Section 230

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ED CLEANER 2.jpg This article needs a serious clean up

Somebody should do something about it.


Section 230 of the same Communications Decency Act: "No provider or user of an interactive computer service shall be treated as the publisher or speaker of any information provided by another information content provider". Effectively, this section immunizes both ISPs and Internet users from liability for torts committed by others using their website or online forum, even if the provider fails to take action after receiving actual notice of the harmful or offensive content.


"Section 230" is the name given to a piece of the so-called "Communications Decency Act" ("CDA"),which allows websites and forums/message boards/chans to exist as they currently do. In recent years, conservatives, conspiracy-lunatics, and "New Right" types have argued for completely repealing this section of the CDA law in order to "stop censorship" of their voices by "Big Tech". What those folks fail to understand, is that replealing this part of the CDA would in fact, backfire and result in even moar censorship of "Dissenting voices".

"Section 230" allows sites such as 4chan, Twatter, and your beloved Encyclopedia Dramatica to exist without being shut down by constant empty-handed yet suddenly-liable-for-user-actions lolsuits. Basically, if an user of a site, (rather than a site owner) posts something that could get the site owner in any kind of deep shit, the site owner is not the one who is responsible for the users' actions. Obviously, the exception to this is sites that exist specifically to break the law, i.e. CP and Drug Market-type sites. For example, if an user of Wikipedia uploads something very illegal to the Wikipedia site, Jimbo Wales cannot be sued for the uploading users' personal actions, (although, obviously the illegal content is removed by site owners.)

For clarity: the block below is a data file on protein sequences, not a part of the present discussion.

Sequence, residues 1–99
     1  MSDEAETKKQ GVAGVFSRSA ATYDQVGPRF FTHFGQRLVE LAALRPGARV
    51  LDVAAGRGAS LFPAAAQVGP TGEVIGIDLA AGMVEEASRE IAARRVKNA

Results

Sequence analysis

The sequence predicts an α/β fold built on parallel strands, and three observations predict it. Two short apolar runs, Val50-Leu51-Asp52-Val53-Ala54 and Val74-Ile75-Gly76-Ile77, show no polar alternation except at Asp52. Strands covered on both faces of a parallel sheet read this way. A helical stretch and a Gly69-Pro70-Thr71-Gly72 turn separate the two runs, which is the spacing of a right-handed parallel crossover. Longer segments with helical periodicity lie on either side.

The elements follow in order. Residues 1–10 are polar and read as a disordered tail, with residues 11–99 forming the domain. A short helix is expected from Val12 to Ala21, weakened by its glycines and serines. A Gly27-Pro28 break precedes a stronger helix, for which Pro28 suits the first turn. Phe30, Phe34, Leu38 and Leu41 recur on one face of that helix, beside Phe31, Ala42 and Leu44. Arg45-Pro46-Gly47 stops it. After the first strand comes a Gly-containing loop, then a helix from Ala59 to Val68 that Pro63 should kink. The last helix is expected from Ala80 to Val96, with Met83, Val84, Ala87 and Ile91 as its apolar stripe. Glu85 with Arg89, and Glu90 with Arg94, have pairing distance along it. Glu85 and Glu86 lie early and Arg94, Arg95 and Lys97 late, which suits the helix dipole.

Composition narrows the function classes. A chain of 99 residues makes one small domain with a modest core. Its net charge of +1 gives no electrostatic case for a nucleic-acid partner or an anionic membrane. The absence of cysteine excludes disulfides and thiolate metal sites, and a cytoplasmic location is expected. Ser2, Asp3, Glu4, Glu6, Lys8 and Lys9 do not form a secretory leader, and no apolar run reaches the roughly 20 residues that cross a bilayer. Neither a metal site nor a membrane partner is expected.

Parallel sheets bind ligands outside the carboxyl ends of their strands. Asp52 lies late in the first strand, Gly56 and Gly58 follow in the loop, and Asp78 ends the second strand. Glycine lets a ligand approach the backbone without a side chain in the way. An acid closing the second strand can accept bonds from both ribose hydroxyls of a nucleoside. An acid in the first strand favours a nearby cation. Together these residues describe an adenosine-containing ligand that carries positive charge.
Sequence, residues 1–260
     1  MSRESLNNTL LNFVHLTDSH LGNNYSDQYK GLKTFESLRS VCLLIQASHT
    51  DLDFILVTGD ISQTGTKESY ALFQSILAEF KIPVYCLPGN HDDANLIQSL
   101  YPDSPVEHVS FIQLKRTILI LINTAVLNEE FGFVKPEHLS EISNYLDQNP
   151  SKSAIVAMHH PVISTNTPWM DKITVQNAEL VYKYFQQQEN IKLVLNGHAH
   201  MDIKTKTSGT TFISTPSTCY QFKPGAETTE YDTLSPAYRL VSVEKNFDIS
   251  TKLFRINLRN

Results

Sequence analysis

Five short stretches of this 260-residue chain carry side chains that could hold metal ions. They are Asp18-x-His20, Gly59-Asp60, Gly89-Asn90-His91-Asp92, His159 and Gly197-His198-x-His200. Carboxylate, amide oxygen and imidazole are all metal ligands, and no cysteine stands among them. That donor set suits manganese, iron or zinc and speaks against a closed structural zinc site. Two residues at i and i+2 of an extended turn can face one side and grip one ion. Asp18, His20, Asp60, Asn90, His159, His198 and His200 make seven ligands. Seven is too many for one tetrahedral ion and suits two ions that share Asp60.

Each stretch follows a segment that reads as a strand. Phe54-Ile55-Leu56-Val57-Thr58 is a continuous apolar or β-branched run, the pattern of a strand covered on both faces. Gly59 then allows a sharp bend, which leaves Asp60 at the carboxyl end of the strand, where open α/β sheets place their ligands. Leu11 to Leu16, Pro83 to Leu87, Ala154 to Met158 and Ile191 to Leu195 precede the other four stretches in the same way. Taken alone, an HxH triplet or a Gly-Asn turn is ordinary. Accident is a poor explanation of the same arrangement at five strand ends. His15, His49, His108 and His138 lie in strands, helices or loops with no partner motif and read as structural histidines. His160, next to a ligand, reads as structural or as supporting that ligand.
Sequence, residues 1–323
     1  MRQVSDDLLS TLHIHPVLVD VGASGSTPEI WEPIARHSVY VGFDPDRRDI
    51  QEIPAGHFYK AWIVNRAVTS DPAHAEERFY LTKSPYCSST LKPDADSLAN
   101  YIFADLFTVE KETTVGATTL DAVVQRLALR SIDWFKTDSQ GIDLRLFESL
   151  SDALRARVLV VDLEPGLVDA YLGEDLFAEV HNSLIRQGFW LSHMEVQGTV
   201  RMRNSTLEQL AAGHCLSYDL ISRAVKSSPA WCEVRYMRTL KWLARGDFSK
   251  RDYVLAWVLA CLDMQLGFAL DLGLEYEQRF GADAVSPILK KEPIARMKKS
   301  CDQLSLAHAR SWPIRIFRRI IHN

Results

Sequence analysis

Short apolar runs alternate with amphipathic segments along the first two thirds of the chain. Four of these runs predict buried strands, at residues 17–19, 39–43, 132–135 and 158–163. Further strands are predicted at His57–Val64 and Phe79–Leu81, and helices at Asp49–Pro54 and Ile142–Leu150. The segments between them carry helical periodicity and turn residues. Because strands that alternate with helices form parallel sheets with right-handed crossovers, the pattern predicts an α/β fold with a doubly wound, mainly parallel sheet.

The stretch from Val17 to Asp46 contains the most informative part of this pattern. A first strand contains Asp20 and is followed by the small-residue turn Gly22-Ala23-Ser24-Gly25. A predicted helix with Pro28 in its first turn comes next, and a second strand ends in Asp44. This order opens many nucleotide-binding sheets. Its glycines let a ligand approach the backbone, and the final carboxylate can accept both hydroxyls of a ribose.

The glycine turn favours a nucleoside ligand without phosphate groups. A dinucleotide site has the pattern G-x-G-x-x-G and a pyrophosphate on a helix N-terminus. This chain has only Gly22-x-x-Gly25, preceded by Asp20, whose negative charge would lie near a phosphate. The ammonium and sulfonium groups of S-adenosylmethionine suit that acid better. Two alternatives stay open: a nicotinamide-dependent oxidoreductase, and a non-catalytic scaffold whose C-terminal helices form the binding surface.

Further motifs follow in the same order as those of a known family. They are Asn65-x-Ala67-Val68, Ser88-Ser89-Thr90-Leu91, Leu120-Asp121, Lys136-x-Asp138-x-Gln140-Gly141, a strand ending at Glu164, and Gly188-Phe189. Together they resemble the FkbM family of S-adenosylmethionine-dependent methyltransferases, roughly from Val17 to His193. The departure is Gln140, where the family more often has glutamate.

Take into mind, all the dank fresh memes you see on sites like KnowYourMeme and le Plebbit or even on apps like Instagram or Amino. Section 230 protects these sites from having to automatically shut down, in the sad case that some luser would try to DMCA the memes (ala Pepe the Frog's creator) or sue for "copyright damages". The blame is then shifted onto the user who technically had uploaded the meme or "user-generated content". But without Section 230 in the CDA law, the sites will get fucked over instead!!

"So how does this affect me?"

Without Section 230 in place, this digital meme and drama library of gr8 knowledge will likely not be around.

Well, let's say your sorry ass decides to meme hard on something and posts a freshly shooped meme on say - 4chan, Reddit, or KnowYourMeme.

With Section 230 gone from the CDA, These sites would be considered "publishers" rather than farms of "user generated content". As a result, sites would then be held responsible for any actions or possible Revenue Loss from your posts - and as such, they would be moar likely to give your IP address account the perma-shoah to cover their own ass. Not to mention, if they get a DMCA or "cease and desist order" they are now more likely to close down their community/site because of having to cover legal costs out of their own pocket. Talk about "passing the buck," but in a bad way!

Not to mention - the Section 230 act is also what many "filesharing communities" are able to exist because of - as they can just state that the torrents or files are "user-generated" in a court of law (not that it often works though). In the horrible case that (Section) 230 is removed from the Communications Decency Act, say goodbye to ur free music, movies, and anything else "free" really... ...and get ready to quickly say goodbye to the "free" internet.

See Also

  • "SOPA"/Stop Online Piracy Act - results of SOPA would have been about the same as gutting 230.
  • Trans-Pacific Partnership - another bill that would have screwed up the internet
  • Meme Combining - say goodbye to doing this freely if they get rid of "Section 230"
  • The Pirate Bay - and this will go away too
  • chans - the chans would be screwed
  • Totse - a BBS-turned-website that was a perfect example of how to use Section 230 protection - too bad that Totse is gone for good...